Modigliani and His Artist Friends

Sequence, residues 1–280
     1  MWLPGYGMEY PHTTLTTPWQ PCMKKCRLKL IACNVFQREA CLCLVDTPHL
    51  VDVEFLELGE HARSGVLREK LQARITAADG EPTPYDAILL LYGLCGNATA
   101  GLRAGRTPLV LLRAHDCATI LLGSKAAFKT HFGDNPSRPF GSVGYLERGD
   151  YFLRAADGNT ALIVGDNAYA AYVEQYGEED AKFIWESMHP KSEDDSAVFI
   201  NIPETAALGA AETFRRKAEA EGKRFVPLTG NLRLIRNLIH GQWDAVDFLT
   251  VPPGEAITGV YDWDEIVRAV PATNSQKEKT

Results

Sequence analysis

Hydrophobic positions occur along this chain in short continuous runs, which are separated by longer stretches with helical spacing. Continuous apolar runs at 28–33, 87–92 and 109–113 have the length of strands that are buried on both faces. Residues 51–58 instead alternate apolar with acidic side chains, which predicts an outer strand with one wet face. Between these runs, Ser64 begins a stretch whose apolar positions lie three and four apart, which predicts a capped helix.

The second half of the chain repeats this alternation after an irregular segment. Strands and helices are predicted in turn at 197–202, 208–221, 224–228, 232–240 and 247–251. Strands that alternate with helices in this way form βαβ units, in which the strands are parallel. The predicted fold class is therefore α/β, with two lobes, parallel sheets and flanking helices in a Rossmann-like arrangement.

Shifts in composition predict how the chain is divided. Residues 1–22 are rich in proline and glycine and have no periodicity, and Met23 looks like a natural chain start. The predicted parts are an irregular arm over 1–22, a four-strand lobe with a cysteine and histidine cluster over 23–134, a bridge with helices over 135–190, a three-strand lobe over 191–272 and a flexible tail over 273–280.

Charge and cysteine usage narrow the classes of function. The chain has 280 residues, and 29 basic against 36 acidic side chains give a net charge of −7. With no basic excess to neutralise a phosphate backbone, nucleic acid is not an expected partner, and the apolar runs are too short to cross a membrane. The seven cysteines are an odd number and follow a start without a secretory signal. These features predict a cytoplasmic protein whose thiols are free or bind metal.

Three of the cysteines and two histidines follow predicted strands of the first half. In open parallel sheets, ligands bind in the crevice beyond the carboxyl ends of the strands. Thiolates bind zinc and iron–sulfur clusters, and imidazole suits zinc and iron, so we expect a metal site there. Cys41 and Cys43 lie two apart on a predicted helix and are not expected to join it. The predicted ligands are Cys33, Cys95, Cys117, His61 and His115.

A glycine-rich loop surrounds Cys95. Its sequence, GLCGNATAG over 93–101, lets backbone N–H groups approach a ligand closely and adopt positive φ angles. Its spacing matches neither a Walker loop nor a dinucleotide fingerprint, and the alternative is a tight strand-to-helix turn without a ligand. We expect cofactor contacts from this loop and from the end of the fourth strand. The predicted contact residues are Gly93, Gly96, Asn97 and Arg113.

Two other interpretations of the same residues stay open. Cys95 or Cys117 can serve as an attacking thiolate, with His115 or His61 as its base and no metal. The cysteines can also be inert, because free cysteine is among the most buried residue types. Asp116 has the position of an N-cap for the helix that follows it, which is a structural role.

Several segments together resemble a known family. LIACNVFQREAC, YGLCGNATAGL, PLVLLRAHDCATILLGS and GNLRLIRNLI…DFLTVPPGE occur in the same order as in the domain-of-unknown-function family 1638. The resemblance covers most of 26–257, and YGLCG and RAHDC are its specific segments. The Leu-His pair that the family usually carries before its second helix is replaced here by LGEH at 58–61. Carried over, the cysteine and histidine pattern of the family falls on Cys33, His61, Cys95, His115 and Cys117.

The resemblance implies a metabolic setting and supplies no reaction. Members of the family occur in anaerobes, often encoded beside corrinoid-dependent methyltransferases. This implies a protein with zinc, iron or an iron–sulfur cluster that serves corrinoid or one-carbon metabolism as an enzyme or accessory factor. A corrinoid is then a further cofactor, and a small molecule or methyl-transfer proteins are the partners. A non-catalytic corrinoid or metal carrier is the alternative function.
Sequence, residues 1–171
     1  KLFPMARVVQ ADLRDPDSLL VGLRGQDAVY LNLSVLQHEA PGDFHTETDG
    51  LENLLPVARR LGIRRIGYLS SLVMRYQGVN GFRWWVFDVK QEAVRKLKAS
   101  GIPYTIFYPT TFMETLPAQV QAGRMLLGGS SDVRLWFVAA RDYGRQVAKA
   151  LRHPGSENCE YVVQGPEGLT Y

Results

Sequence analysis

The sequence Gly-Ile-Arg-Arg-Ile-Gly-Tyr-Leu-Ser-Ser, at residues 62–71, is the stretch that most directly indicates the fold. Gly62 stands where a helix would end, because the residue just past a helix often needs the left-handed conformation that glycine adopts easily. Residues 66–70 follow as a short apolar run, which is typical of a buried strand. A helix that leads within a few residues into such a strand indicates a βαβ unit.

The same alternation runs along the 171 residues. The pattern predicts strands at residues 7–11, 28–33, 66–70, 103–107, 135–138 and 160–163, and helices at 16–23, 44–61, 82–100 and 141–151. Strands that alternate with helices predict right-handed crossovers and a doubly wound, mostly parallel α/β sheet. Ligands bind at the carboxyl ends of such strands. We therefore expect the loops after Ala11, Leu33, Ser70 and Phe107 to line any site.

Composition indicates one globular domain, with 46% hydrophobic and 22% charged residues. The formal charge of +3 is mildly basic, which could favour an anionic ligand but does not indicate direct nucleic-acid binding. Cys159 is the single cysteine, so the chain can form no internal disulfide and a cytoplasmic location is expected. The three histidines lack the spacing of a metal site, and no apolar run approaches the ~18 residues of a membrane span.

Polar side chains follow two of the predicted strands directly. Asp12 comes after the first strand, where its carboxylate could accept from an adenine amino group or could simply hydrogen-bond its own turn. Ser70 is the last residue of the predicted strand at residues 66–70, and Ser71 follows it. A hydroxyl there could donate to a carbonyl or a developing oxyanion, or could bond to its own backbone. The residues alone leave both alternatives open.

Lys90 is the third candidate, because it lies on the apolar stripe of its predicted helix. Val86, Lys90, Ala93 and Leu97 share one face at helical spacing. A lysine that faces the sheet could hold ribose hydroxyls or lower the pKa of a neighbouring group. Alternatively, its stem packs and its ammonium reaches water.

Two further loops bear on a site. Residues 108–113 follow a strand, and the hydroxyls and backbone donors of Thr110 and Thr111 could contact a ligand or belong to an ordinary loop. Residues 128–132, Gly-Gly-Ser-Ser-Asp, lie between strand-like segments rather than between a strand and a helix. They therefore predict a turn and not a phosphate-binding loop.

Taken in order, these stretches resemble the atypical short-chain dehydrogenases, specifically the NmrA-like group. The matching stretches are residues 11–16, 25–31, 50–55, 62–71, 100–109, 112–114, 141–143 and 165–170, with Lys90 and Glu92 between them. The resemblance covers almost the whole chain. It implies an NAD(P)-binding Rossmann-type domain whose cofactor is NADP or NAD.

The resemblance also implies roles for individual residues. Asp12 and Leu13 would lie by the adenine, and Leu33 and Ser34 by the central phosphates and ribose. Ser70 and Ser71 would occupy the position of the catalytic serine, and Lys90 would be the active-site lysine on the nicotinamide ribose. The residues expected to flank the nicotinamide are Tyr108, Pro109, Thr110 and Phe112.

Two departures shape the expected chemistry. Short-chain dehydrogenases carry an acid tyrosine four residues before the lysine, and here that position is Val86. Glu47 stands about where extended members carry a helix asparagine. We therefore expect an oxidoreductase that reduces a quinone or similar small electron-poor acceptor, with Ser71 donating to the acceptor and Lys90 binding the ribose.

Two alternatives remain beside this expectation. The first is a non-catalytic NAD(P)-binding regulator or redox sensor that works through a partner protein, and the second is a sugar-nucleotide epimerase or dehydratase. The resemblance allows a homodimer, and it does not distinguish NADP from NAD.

A narrow entrance at no. 9 rue Campagne-Première, paved with bumpy cobblestones and lined with pot plants, leads to a courtyard with an unexpected fig tree. Built of materials salvaged from the 1889 Universal Exposition, the building was divided into more than 100 studios, responding to the needs of the neighbourhood in those days. Here only the song of birds interrupts the stillness, and the church bells chiming the quarters. Among its famous tenants were Rainer Maria Rilke, Rodin’s then secretary, Modigliani, Whistler and De Chirico, one of the early precursors of Surrealism. When Picasso and Apollinaire came over to his studio to look at his metaphysical paintings, they were overwhelmed. Modigliani’s cantine was just three houses down the street, at no. 3, a modest crémerie (dairy), bearing the sign Chez Rosalie, which also served as a restaurant, as was common in those days. The Italian, Rosalie Tobia, Mère Rosalie to the community of Montparnasse, had begun as a model, one of the Italians picked up on the ‘fair’ held weekly on the corner of rue de la Grande-Chaumière and Boulevard du Montparnasse (see chapter on the 6th arr.). Posing as Venus for the highly regarded “Pompier” painter Bouguereau, she also agreed to work for such fringe characters as Whistler and Modigliani, portraying less pompous subjects and for a smaller fee…. When cellulite got the better of her, she switched to the food business and played mother to the poverty-stricken artists whom she nourished with all her heart. On her tiny, dark premises below street-level, impregnated with the smell of onions and garlic, she offered a full, delicious Italian meal for the modest sum of 2 francs. Kisling, Soutine, Max Jacob, Salmon, and Kiki too, huddled on the backless benches on either side of the long wooden tables of the restaurant for a dish of pasta. Many ate on credit, others contented themselves with half portions of a filling minestrone. She was not interested in being paid with the ‘dreadful’ paintings of her protégés, as other café owners were, not even those by her fellow countryman Modigliani; he was the terror of the place, always drunk as a lord and creating havoc. When he refused to eat, she refused to serve him wine: “A good-looking boy like you who does honour to our country!” When, eaten away by alcohol, he died on 24 January 1920 at the Hôpital Broussais-la Charité (on rue Didot, in the 14th arr.), the most famous artists and models of Montparnasse followed his hearse, which was overflowing with flowers, in a huge procession. At every street junction – all the way to the Père Lachaise cemetery in eastern Paris – a policeman was standing at attention in the shining uniform of the Republic. Thus in death did Modigliani wreak vengeance on the establishment. Copyright © Thirza Vallois
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